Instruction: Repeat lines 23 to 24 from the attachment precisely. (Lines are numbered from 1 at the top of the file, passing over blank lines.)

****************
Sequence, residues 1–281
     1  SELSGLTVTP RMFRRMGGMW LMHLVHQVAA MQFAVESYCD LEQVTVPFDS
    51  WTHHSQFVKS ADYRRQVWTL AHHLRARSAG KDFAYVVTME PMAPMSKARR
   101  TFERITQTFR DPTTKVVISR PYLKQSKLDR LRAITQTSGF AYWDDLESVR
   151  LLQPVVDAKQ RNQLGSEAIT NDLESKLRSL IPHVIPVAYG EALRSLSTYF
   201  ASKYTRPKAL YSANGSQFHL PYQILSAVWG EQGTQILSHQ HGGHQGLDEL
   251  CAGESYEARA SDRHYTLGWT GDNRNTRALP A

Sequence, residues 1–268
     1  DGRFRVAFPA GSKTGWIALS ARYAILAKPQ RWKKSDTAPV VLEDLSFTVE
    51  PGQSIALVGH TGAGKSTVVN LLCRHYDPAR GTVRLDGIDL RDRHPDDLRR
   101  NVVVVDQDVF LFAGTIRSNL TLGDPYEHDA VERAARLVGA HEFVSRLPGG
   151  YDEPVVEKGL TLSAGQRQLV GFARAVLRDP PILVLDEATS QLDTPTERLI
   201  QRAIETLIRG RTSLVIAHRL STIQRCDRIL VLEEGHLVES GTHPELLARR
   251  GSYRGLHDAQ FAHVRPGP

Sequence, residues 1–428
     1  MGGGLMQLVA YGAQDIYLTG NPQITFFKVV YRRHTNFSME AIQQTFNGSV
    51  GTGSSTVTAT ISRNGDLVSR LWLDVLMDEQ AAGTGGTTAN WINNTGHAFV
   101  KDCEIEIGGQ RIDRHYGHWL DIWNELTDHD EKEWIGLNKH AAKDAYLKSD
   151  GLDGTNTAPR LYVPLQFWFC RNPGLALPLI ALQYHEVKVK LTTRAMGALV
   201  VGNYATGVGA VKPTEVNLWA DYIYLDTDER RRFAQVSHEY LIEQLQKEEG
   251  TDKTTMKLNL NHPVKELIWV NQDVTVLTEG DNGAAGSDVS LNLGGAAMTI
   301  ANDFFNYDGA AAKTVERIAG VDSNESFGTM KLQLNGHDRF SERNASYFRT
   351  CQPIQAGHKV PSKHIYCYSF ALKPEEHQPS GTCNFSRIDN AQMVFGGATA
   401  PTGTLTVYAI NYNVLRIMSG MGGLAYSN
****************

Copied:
   351  CQPIQAGHKV PSKHIYCYSF ALKPEEHQPS GTCNFSRIDN AQMVFGGATA
   401  PTGTLTVYAI NYNVLRIMSG MGGLAYSN